The range of activity was normalized based on measurement of total RNA.

For each test compound, percent inhibition was plotted against the log of the compound concentration. A four parameter variable slope equation describing a sigmoidal dose-response curve was then fitted using GraphPad Prism (GraphPad Software Inc). The software-generated IC50 values are reported.

PubChem Activity Outcome and Score:

Compounds with a IC50 value greater than 20 uM were considered inactive. Compounds with a IC50 value equal to or less than 20 uM were considered active.

Activity score was then ranked by the potency of the compounds with fitted curves, with the most potent compounds assigned the highest activity scores.

The PubChem Activity Score range for active compounds is 100-1. There are no inactive compounds.

List of Reagents:

Huh-7.5 cell line (APATH)
DMEM medium (Invitrogen, 11995-073)
100X Penicillin-Streptomycin-Glutamine (Invitrogen, 10378-016)
Trypsin-EDTA solution (Invitrogen, 25200-056)
Fetal Bovine Serum (Akron, FBS-400-3D)
QiaShredder (Qiagen, 79656)
RNeasy mini kit (Qiagen, 74104)
LightCycler RNA Amplification Kit HybProbe (Roche, 12015145001)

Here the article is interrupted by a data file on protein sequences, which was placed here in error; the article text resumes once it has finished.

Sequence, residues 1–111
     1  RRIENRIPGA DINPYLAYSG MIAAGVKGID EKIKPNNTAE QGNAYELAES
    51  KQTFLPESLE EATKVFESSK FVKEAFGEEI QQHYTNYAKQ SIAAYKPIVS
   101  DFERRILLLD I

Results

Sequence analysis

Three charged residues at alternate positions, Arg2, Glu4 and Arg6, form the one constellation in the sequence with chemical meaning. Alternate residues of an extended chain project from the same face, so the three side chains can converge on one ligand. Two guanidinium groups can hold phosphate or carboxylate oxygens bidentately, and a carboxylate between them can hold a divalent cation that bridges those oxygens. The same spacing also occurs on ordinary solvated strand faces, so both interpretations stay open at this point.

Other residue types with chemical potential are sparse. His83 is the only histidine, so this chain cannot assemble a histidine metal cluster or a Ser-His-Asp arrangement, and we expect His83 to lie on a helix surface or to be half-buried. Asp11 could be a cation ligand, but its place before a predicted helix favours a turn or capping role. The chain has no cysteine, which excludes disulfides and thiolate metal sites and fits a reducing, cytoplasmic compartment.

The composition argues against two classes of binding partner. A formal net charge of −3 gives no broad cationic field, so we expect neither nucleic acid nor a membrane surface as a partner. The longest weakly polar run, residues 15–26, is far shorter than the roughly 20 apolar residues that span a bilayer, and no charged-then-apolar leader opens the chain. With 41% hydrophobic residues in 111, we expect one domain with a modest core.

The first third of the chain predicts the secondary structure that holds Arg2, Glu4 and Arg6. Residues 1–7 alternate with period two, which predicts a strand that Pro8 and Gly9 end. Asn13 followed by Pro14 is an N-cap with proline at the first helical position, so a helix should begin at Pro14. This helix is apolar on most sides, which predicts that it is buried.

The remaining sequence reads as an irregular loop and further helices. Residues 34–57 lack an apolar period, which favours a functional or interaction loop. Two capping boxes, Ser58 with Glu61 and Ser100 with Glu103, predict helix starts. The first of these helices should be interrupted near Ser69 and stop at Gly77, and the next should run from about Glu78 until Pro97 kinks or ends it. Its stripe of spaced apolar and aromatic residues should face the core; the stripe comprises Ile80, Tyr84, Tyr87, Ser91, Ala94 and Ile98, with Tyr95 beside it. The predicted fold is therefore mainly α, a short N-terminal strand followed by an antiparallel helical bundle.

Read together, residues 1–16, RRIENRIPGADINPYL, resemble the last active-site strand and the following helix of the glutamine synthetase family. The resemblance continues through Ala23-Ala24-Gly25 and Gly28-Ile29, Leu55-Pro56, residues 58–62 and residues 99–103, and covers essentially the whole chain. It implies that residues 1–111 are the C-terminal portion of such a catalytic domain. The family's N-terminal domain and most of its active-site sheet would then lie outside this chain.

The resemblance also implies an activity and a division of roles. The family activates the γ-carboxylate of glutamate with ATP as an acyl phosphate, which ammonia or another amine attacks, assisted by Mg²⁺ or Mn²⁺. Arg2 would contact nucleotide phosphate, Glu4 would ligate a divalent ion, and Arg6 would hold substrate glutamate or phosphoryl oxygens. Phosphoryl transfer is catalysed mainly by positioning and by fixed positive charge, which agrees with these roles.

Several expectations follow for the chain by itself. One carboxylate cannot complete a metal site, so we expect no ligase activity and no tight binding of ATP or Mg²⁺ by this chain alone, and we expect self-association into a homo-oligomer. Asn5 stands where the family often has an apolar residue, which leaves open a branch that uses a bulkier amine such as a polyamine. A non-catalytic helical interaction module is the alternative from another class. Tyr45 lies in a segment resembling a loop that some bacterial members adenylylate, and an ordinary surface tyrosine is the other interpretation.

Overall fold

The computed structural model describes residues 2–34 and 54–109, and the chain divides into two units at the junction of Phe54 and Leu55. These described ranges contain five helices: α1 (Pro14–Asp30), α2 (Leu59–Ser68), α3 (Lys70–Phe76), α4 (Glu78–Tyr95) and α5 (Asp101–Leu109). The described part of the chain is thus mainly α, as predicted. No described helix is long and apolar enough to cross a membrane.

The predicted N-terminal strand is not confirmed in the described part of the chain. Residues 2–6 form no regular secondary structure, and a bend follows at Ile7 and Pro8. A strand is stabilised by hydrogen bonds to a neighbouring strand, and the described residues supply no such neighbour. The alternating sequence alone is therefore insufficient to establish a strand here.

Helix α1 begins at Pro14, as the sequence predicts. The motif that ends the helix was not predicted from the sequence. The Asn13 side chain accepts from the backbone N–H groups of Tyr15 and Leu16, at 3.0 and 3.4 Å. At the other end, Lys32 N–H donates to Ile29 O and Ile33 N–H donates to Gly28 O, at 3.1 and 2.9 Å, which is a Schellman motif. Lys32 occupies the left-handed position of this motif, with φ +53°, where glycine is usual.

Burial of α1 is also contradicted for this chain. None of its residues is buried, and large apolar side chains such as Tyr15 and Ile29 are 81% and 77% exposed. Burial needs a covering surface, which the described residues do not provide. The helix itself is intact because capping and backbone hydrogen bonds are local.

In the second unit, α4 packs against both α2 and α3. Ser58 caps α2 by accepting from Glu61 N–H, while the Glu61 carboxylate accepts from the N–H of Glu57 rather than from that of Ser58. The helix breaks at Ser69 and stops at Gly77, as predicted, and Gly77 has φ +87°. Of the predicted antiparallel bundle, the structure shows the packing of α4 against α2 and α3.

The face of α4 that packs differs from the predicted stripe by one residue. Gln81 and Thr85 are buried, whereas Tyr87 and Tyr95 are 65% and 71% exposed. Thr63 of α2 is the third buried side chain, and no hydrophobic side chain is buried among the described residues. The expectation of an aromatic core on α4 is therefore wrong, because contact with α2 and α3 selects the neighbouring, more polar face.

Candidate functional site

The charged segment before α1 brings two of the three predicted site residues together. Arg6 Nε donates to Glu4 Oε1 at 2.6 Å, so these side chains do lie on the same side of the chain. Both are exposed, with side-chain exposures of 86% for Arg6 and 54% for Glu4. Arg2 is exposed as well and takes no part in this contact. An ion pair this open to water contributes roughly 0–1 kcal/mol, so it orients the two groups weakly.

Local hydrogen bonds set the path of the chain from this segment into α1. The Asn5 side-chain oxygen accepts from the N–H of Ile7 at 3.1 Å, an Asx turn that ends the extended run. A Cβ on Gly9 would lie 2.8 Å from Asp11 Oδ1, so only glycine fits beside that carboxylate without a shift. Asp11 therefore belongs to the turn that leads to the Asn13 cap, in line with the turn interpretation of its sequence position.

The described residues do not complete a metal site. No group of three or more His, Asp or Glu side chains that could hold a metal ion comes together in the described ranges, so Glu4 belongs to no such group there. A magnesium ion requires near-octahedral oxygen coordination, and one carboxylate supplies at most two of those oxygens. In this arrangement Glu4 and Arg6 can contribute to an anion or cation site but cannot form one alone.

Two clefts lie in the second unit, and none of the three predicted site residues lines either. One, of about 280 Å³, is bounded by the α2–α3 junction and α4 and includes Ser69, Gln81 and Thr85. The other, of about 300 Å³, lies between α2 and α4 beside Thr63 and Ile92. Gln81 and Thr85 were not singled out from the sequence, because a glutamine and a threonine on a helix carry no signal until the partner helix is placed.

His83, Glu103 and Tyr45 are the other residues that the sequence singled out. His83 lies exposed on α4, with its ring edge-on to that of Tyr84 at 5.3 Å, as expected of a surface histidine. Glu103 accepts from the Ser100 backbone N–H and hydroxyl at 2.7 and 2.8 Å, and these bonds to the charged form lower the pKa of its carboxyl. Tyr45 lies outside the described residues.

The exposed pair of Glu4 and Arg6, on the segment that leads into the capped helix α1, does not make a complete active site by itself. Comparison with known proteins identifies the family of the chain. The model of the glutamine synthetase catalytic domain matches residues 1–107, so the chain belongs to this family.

Forward primer (Lifetech Applied Biosystems, CTTCACGCAGAAAGCGTCTA)
Reverse primer (Lifetech Applied Biosystems, CAAGCACCCTATCAGGCAGT)
MGBProbe (Lifetech Applied Biosystems, 4304971, 6FAM-TATGAGTGTCGTGCAGCCTC-MGBNFQ)
LightCycler480 multiwell plate 96 (Roche, 04729692001)
LightCycler480 sealing foil (Roche, 04729757001)
Comment
This assay was performed in the assay providers lab. This assay may have been run as two or more separate campaigns, each campaign testing a unique set of compounds. All data reported were normalized on a per-plate basis. Possible artifacts of this assay can include, but are not limited to: dust or lint located in or on wells of the microtiter plate, compounds that modulate well fluorescence. All test compound concentrations reported above and below are nominal.
Categorized Comment - additional comments and annotations
From PubChem:
Assay Format: Cell-based
Assay Cell Type: HUH7
Result Definitions
TIDNameDescriptionHistogramTypeUnit
OutcomeThe BioAssay activity outcomeOutcome
ScoreThe BioAssay activity ranking scoreInteger
1IC50*The concentration at which 50 percent of the activity in the inhibitor assay is observed; (IC50) shown in micromolar.FloatμM

* Activity Concentration.
Additional Information
Grant Number: 1-X01-MH085709-01

Data Table (Concise)
Data Table ( Complete ):     View Active Data    View All Data